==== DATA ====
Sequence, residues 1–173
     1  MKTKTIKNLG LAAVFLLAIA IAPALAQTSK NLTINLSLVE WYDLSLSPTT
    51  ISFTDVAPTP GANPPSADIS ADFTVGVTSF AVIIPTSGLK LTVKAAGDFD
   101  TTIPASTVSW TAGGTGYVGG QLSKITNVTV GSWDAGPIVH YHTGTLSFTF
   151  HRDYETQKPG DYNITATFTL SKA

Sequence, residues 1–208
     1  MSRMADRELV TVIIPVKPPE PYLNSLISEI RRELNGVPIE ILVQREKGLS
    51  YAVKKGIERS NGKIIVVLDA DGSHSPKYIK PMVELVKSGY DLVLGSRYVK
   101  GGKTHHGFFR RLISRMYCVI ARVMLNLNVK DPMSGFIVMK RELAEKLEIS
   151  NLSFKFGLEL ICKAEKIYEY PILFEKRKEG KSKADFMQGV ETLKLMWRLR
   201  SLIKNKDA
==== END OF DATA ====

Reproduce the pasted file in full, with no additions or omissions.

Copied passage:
Sequence, residues 1–173
     1  MKTKTIKNLG LAAVFLLAIA IAPALAQTSK NLTINLSLVE WYDLSLSPTT
    51  ISFTDVAPTP GANPPSADIS ADFTVGVTSF AVIIPTSGLK LTVKAAGDFD
   101  TTIPASTVSW TAGGTGYVGG QLSKITNVTV GSWDAGPIVH YHTGTLSFTF
   151  HRDYETQKPG DYNITATFTL SKA

Sequence, residues 1–208
     1  MSRMADRELV TVIIPVKPPE PYLNSLISEI RRELNGVPIE ILVQREKGLS
    51  YAVKKGIERS NGKIIVVLDA DGSHSPKYIK PMVELVKSGY DLVLGSRYVK
   101  GGKTHHGFFR RLISRMYCVI ARVMLNLNVK DPMSGFIVMK RELAEKLEIS
   151  NLSFKFGLEL ICKAEKIYEY PILFEKRKEG KSKADFMQGV ETLKLMWRLR
   201  SLIKNKDA